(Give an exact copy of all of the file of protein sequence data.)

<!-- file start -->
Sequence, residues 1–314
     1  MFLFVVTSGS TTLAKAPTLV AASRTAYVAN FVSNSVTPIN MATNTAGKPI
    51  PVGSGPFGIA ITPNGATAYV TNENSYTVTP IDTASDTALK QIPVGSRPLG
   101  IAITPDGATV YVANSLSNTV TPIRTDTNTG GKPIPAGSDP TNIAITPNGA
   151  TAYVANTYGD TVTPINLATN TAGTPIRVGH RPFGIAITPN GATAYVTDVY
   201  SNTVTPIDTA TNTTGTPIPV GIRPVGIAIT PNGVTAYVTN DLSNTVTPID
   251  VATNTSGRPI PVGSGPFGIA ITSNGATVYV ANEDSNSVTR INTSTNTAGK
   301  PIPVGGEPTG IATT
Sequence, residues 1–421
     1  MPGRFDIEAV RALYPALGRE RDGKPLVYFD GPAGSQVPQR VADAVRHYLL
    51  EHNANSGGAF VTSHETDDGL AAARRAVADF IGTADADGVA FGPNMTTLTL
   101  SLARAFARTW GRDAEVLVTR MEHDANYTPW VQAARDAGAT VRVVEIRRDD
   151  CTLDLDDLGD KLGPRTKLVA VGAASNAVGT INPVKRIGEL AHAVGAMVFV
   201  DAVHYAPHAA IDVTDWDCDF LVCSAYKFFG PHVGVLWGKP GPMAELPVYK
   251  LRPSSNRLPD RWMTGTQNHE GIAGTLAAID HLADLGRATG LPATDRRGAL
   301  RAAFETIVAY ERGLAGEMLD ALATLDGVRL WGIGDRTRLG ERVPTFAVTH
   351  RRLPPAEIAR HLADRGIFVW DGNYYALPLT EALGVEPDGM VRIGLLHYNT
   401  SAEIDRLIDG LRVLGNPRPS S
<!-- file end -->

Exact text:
Sequence, residues 1–314
     1  MFLFVVTSGS TTLAKAPTLV AASRTAYVAN FVSNSVTPIN MATNTAGKPI
    51  PVGSGPFGIA ITPNGATAYV TNENSYTVTP IDTASDTALK QIPVGSRPLG
   101  IAITPDGATV YVANSLSNTV TPIRTDTNTG GKPIPAGSDP TNIAITPNGA
   151  TAYVANTYGD TVTPINLATN TAGTPIRVGH RPFGIAITPN GATAYVTDVY
   201  SNTVTPIDTA TNTTGTPIPV GIRPVGIAIT PNGVTAYVTN DLSNTVTPID
   251  VATNTSGRPI PVGSGPFGIA ITSNGATVYV ANEDSNSVTR INTSTNTAGK
   301  PIPVGGEPTG IATT
Sequence, residues 1–421
     1  MPGRFDIEAV RALYPALGRE RDGKPLVYFD GPAGSQVPQR VADAVRHYLL
    51  EHNANSGGAF VTSHETDDGL AAARRAVADF IGTADADGVA FGPNMTTLTL
   101  SLARAFARTW GRDAEVLVTR MEHDANYTPW VQAARDAGAT VRVVEIRRDD
   151  CTLDLDDLGD KLGPRTKLVA VGAASNAVGT INPVKRIGEL AHAVGAMVFV
   201  DAVHYAPHAA IDVTDWDCDF LVCSAYKFFG PHVGVLWGKP GPMAELPVYK
   251  LRPSSNRLPD RWMTGTQNHE GIAGTLAAID HLADLGRATG LPATDRRGAL
   301  RAAFETIVAY ERGLAGEMLD ALATLDGVRL WGIGDRTRLG ERVPTFAVTH
   351  RRLPPAEIAR HLADRGIFVW DGNYYALPLT EALGVEPDGM VRIGLLHYNT
   401  SAEIDRLIDG LRVLGNPRPS S